Suzanne Potter, California News Service
March 14, 2018 (San Diego) -- Even as President Donald Trump wraps up his first visit to the Golden State since the election, immigrant-rights groups are embracing California's new nickname as the "State of Resistance."
Last September, the president ended the Deferred Action for Childhood Arrivals (DACA) program, which allows work permits for people brought to the United States as children. However, a federal judge kept it going while litigation proceeds.
Frank Sharry, founder and executive director of the nonprofit America's Voice, described himself as very pessimistic that this Congress will cut a deal to help the Dreamers.
"The Trump administration has declared war on refugees and immigrants; they are determined to kick out people who are here, either with no status or with an uncertain status," Sharry insisted. "So, this is a historic challenge to those of us who believe that America should be a welcoming nation."
Trump has defended his policies, saying the increases in immigration raids and deportations will protect jobs for U.S. citizens. He visited prototypes for a border wall in San Diego yesterday and maintained that national security depends on its construction.
Attorney Joshua Rosenthal with the National Immigration Law Ce\nter, said he supports comprehensive immigration reform, but noted there is no provision to help people who hadn't yet applied for DACA.
"It does leave out people who were not able to obtain DACA before the Trump administration ended the DACA program, because they were too young, or they hadn't finished enough education," Rosenthal explained. "And unfortunately, at this point, those people are unable to apply for DACA."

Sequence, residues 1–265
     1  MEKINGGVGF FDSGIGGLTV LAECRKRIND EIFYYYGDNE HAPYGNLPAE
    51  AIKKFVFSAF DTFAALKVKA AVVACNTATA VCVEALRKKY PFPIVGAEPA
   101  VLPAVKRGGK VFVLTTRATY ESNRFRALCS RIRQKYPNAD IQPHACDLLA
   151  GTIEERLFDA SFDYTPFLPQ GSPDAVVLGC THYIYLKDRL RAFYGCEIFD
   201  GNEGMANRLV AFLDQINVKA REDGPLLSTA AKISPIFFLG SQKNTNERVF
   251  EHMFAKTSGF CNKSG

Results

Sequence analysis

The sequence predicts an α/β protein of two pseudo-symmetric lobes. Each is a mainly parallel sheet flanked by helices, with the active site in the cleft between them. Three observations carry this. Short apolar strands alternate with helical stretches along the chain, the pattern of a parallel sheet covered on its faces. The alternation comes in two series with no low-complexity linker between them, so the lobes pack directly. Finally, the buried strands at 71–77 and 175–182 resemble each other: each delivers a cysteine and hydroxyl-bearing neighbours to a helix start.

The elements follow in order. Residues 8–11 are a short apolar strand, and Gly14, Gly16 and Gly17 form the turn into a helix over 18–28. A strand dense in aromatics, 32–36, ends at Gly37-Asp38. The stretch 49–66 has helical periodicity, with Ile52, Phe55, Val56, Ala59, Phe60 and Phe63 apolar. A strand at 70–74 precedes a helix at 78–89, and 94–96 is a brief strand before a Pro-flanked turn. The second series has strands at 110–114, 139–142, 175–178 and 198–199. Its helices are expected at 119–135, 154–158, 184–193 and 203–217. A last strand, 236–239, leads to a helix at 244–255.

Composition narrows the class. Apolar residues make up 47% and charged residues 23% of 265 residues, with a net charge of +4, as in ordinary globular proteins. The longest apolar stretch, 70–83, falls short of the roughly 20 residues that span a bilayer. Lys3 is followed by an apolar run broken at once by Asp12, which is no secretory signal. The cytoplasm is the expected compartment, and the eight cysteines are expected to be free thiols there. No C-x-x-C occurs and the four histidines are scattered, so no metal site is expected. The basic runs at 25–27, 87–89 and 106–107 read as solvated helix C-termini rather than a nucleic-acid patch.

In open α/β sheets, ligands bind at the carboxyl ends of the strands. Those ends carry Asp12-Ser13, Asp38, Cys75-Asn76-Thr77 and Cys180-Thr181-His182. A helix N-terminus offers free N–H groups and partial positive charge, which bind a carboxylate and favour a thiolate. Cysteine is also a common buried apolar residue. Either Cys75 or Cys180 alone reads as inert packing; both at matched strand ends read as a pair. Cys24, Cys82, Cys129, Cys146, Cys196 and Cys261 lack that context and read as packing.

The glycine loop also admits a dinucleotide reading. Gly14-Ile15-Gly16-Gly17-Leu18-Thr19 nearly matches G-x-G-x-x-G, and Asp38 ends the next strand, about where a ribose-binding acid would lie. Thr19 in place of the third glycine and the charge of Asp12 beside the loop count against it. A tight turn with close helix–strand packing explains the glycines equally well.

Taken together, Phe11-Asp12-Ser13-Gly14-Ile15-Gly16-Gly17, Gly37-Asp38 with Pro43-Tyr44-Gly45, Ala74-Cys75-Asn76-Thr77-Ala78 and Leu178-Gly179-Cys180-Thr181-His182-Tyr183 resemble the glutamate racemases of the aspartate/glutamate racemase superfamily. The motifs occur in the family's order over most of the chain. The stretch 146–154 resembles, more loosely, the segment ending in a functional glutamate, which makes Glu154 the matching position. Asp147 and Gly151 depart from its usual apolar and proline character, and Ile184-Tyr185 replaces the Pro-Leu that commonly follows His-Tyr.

California's "sanctuary state" laws prevent local authorities from handing over immigrants to Immigration and Customs Enforcement (ICE) unless the people have been convicted of a serious felony. Employers also are forbidden to grant access to their workplace or to employee records without a warrant.
The feds are suing over the issue, but Sally Kinoshita with the Immigrant Legal Resource Center is convinced the laws are constitutional.
"There's nothing in federal law that mandates that states or localities use their own resources to aid federal immigration agents to arrest people or identifying people," said Kinoshita, ILRC deputy director. "The federal government cannot require the state to participate in a federal deportation program."
And Hector Salvador with the California Labor Federation in Los Angeles is organizing rapid-response networks, sending teams of supporters to workplaces during raids.
"Though there is fear and a lot of anxiety because of all these increased levels of ICE raids and threats from this administration, there are groups of immigrants and allies that are fighting back," said Salvador.
Immigrant-rights groups are calling on voters to register their opinions at the ballot box in this fall's midterm elections, in hopes of voting in a new Congress that could be more amenable to the plight of immigrants.